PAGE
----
The overall hypothesis in this proposal is emerging hybrid imaging systems that bring spectroscopy into imaging require computational tools which currently do not exist. Specifically, a boundary element method (BEM) algorithm can be implemented to perform three dimensional (3D) image reconstruction for image-guided near infrared (IG-NIR) tomography of breast tissue and fluorescence tomography in small animals. This system intelligently utilizes anatomical structures from MRI to guide NIR spectroscopy (NIRS) to improve diagnosis of breast cancer;and CT tissue structure to guide NIRS allowing accurate recovery of fluorescence uptake. Both MR and CT approaches to IG-NIRS traditionally rely on numerical models to the diffusion equation requiring volume discretization (such as finite element). In this proposal, we will solve the diffusion equation using the BEM (requiring only surface discretization) and apply it for 3D image reconstruction, assuming that the underlying tissue boundaries can be obtained a priori from MRI or CT. In particular, a computational toolbox will be developed that seamlessly creates surface meshes for different tissue layers such as adipose, fibroglandular and tumor, using MRI images. The toolbox will use these grids along with NIR measurements to reconstruct 3D tissue vascular estimates of total hemoglobin, oxygen saturation and water;and cellular estimates of scatterer size and number density in each tissue layer. A fluorescence toolbox will also be developed that obtains surface grids from MicroCT images and solves a set of coupled diffusion equations simultaneously using BEM to recover 3D fluorescence values in different tissue organs of small animals. These toolboxes together with a graphical user interface allowing 3D image visualization and juxtaposition of NIR, MRI and MicroCT images, will provide easy-to-use boundary element software for different research groups utilizing hybrid imaging techniques. Leveraging the clinical data from an ongoing breast imaging trial, we propose to analyze the results from 3D boundary element tissue estimates of 50 patients to explore the sensitivity and specificity measures of this technique for tissue diagnosis as well as its potential to study cancer non-invasively. In-vivo measurements from small animals imaged in a CT-fluorescence setting will also be available through a separate funded project, for testing of BEM molecular imaging. This novel BEM toolbox with its strengths over volume discretization methods such as FEM and its computational efficiency in solving the image-guided reconstruction problem will set the standard for 3D optical imaging. This will further the use of MRI-NIR 3D imaging as an everyday diagnostic tool providing non-invasive high-resolution functional characterization of diseased tissue. Two versions of the toolbox will plan to be developed, one which is more advanced and can be translated into a commercial version through interaction with ART Inc, and at the same time, a open access version will be distributed which allows novice users in the field of NIRS to set up new and evolving tools which use the BEM toolbox.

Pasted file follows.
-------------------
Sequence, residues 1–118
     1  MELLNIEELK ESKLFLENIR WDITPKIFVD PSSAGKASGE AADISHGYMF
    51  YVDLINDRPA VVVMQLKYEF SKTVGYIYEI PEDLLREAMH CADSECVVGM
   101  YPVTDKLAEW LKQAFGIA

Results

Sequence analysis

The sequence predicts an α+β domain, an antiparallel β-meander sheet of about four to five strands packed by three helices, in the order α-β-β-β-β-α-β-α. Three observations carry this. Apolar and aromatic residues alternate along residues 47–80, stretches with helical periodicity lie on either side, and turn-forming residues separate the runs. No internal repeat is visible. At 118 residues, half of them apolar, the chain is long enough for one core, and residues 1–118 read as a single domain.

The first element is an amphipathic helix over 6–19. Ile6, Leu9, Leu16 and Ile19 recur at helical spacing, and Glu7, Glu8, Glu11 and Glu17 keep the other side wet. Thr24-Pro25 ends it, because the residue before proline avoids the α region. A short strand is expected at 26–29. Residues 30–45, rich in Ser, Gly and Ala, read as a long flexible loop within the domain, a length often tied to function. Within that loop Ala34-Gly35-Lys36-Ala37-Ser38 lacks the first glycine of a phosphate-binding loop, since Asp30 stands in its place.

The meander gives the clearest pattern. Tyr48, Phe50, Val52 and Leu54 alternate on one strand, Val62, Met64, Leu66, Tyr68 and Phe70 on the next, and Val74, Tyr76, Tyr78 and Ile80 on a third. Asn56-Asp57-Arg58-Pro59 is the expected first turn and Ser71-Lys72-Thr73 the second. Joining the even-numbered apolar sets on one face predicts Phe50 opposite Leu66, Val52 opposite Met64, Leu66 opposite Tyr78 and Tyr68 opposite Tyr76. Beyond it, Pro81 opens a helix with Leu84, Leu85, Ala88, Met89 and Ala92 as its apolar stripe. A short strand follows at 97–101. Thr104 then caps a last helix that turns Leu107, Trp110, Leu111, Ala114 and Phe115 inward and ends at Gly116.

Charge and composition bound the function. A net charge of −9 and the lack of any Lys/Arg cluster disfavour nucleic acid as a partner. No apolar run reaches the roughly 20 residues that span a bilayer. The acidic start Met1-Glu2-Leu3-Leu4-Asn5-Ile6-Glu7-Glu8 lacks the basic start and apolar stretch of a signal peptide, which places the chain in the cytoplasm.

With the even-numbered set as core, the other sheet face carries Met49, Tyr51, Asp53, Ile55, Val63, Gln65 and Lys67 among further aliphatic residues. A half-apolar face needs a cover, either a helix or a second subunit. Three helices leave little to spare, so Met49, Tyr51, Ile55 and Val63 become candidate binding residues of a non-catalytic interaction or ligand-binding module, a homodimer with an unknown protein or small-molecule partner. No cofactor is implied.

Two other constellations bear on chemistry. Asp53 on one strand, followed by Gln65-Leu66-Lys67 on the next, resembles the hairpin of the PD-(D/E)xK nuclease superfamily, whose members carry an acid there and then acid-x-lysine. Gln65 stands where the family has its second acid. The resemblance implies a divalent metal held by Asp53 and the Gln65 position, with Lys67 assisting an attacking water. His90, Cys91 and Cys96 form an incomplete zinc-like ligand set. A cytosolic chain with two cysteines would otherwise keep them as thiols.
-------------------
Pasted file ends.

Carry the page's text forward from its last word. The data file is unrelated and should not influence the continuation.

A hybrid MRI-near-infrared (NIR) system has the potential to reduce false-positives and the number of follow-up invasive procedures in breast cancer diagnosis using complementary information from optical signatures. The computational toolbox proposed here will provide a powerful and efficient method for viable and more accurate three-dimensional imaging of large clinical subject populations in this framework. Overall, this will further advance the study of high-resolution optical signatures of normal and diseased breast tissue in-vivo and fluorescence imaging for studying biochemical and cellular mechanisms in-vivo.
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